• 87 Metascore
    • 75 Rex Reed
    The question is: how much should one talented but sensitive individual be willing to suffer for his art at the hands of one brilliant but terrifying bully? The two stars are fully committed to the concept that the pursuit of perfection doesn’t always triumph, and the film pounds in the temples with the feverish tempo of a jazz riff.
    • 76 Metascore
    • 75 Rex Reed
    Turns out to be more suspenseful and keenly plotted than most, with a compelling centerpiece performance by Dan Stevens (Downton Abbey) that deserves attention.
    • 71 Metascore
    • 75 Rex Reed
    As much as I liked it, I have to admit Run & Jump is a work of no action — of love unrequited, feelings unexpressed and goals never reached. Sitting through it requires great patience. I don’t think this is an Ireland that would interest John Ford.
    • 68 Metascore
    • 75 Rex Reed
    The film, written and directed by Martha Stephens and Aaron Katz, is slow as Christmas, but the two protagonists grow on you, like a Virginia creeper vine climbing a garden wall.
    • 69 Metascore
    • 75 Rex Reed
    You get compassion and intelligence instead of cracker-barrel homilies. And you get mesmerizing performances.
    • 55 Metascore
    • 75 Rex Reed
    Linus Sandgren’s lush camerawork and the glittering, throbbing musical score by A. R. Rahman contribute a distinctive flavor of their own. The performances are superb.
    • 44 Metascore
    • 75 Rex Reed
    Walking With the Enemy is a powerful piece of filmmaking that examines history and heroism with big-screen artistry, imagination and thrills.
    • 85 Metascore
    • 75 Rex Reed
    Force Majeure is a good movie, but as thought provoking as the ending is, it peters out ineffectually, while the actual staging of the avalanche to the crashing movements of Vivaldi’s “Four Seasons” seems vaguely comedic and disappointingly corny, if you ask me.
    • 45 Metascore
    • 75 Rex Reed
    The intelligence and unhackneyed humor of the believable, unself-conscious screenplay by fledgling director Mr. Zwick (son of veteran director Edward Zwick) deserves special praise. It never hits a false note.
    • 53 Metascore
    • 75 Rex Reed
    Aiysha Hart delivers a mesmerizing performance.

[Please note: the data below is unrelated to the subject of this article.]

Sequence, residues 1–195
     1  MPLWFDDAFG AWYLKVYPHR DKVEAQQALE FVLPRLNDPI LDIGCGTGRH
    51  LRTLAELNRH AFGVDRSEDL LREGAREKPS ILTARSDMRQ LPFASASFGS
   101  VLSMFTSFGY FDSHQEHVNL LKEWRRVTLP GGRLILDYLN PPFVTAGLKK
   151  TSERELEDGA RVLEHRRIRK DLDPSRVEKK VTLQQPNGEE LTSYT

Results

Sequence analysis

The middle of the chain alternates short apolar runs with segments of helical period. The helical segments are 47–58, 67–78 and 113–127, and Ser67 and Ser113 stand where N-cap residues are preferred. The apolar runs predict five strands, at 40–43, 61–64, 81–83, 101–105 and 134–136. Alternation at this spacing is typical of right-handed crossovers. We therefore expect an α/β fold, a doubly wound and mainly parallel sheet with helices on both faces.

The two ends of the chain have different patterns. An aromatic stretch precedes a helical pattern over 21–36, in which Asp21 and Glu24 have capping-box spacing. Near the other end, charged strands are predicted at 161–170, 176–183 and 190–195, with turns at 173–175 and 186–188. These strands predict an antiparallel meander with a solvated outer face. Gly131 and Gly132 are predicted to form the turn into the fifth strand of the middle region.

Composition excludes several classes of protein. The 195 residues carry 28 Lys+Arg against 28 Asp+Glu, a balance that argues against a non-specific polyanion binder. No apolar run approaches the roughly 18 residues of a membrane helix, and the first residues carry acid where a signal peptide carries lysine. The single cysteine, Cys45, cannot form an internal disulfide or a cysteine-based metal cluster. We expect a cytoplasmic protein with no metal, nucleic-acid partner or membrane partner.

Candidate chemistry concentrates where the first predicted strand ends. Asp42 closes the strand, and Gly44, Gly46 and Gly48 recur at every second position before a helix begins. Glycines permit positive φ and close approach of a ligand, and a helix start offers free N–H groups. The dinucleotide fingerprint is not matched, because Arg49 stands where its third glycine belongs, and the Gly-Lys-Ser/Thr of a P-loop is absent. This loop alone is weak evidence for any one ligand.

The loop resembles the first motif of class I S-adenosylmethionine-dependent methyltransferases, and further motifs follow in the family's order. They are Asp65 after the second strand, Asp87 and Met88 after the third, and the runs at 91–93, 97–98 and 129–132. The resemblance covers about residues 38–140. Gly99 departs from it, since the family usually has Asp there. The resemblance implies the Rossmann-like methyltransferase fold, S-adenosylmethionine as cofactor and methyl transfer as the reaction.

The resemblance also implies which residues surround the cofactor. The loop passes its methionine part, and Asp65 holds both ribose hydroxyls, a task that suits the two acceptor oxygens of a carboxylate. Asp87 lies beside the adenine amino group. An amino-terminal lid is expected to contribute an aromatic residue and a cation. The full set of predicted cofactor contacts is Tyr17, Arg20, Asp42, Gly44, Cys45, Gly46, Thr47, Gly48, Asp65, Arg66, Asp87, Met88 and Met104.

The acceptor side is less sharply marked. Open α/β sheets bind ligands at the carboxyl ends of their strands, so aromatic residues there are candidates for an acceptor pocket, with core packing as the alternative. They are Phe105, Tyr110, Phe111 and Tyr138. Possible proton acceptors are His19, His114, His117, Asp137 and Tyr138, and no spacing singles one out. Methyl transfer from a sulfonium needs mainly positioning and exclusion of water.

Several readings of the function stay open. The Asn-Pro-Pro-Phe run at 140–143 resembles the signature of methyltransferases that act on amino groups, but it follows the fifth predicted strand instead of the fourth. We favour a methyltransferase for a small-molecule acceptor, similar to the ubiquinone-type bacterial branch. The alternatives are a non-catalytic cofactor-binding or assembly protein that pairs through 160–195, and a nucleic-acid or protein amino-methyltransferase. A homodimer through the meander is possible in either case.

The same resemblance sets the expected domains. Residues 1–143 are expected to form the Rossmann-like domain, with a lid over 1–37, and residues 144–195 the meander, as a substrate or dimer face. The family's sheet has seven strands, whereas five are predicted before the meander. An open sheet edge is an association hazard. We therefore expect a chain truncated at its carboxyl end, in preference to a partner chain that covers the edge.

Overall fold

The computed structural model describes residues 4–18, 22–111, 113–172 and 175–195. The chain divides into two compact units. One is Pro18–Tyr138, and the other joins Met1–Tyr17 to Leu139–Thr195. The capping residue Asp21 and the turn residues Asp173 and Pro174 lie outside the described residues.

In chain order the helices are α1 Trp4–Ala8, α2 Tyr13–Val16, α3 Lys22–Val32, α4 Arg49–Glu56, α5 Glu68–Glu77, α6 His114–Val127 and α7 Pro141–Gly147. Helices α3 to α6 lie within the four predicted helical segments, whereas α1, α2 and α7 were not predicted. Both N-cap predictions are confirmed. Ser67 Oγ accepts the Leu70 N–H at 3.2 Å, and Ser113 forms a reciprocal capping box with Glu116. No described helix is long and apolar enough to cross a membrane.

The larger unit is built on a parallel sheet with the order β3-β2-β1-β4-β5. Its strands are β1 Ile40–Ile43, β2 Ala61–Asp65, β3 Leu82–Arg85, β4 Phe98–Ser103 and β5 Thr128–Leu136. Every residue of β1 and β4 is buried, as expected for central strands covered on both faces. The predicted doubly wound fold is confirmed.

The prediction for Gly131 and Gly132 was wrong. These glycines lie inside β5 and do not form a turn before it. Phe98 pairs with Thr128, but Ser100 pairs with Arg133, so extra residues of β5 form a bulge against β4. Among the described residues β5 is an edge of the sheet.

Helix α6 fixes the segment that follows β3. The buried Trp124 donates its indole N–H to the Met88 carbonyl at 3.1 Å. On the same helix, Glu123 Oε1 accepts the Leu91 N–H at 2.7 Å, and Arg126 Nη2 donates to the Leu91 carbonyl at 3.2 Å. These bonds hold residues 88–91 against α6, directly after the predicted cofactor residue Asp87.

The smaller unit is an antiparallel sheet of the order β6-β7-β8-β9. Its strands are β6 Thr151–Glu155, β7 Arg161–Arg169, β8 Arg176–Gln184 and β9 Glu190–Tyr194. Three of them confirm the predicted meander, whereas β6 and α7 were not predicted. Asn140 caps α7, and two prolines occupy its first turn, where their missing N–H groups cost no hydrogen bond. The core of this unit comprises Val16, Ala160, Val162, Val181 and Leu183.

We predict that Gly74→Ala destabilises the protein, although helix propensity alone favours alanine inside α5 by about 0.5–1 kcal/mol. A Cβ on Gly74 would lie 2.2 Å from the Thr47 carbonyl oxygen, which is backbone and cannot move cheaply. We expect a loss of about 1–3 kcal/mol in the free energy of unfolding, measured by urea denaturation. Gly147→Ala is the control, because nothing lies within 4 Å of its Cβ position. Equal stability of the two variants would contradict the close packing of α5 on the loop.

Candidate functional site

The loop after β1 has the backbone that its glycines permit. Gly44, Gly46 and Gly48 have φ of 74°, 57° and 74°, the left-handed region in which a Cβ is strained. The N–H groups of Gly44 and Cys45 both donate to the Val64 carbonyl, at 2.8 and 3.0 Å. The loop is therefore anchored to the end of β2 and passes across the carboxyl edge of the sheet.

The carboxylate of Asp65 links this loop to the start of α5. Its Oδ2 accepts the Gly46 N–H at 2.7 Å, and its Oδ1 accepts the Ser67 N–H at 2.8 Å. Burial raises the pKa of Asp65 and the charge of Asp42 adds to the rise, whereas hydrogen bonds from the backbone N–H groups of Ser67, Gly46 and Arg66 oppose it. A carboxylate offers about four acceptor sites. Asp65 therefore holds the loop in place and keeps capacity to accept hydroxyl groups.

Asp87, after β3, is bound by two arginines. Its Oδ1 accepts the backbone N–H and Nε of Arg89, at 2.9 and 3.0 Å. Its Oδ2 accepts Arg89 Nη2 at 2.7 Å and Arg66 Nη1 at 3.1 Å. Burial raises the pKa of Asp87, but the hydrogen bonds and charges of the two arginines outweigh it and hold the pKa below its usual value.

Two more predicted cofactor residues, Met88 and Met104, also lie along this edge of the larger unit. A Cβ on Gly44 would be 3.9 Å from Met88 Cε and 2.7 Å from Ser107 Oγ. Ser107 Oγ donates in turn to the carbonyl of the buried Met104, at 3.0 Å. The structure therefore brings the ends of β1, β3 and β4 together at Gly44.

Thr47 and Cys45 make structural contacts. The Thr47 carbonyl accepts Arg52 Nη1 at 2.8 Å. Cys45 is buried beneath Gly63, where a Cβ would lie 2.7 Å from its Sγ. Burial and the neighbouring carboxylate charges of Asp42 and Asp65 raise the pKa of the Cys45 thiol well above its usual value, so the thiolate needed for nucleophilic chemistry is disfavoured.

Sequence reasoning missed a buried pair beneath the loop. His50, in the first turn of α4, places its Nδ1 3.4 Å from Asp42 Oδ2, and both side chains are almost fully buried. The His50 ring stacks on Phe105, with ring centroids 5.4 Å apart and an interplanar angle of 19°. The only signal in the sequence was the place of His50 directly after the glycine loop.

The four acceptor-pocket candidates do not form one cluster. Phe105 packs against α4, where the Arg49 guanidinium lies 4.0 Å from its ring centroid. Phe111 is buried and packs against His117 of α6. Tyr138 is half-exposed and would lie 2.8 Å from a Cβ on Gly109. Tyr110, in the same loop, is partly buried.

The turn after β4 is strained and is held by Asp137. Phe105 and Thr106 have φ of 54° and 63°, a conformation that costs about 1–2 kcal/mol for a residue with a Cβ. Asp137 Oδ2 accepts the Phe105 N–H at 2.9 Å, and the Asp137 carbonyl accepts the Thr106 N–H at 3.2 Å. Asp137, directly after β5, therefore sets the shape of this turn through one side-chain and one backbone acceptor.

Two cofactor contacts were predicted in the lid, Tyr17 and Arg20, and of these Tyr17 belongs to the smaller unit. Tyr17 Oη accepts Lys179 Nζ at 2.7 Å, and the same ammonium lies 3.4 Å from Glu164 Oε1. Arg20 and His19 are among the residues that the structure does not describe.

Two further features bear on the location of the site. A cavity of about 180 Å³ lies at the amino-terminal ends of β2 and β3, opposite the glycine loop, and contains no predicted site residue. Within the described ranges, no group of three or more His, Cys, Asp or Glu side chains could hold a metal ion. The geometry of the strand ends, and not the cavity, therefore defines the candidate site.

• 63 Metascore
    • 63 Rex Reed
    This gruesome thriller set in a fogbound insane asylum is incomprehensible and fatally flawed, but having said all of that, I will also say this: It never seems anything less than the work of a skillful film buff. Mr. Scorsese may be a smart aleck, but he’s a professional smart aleck.
    • 43 Metascore
    • 63 Rex Reed
    But the direction by Joe Johnston (Honey, I Shrunk the Kids) sacrifices originality for computer graphics and stop-motion camera tricks, and the script, by Andrew Kevin Walker and David Self, bulges with real howlers: “I didn’t know you hunted monsters.” “Sometimes monsters hunt you!”
    • 63 Metascore
    • 63 Rex Reed
    I found Howl a fascinating and imaginative evocation of mid-20th-century liberation, a mere and merciful 90 minutes long.
    • 33 Metascore
    • 63 Rex Reed
    Think Arnold Schwarzenegger in "Kindergarten Cop," but better.
    • 71 Metascore
    • 63 Rex Reed
    The great screenwriter Steven Zaillian's elaborate, convoluted script, so muddled that even after it's over you still don't know what it's all about, is a drawback - but the movie is a master class in sinister style, tense and deeply uncomfortable.
    • 67 Metascore
    • 63 Rex Reed
    This futuristic tale of teenage violence is so not my kind of movie that I approached it grudgingly, so imagine my surprise when I ended up being totally exhilarated and enjoying it immensely.
    • 70 Metascore
    • 63 Rex Reed
    I found Contagion both flawed and fascinating, but it's not an entertainment.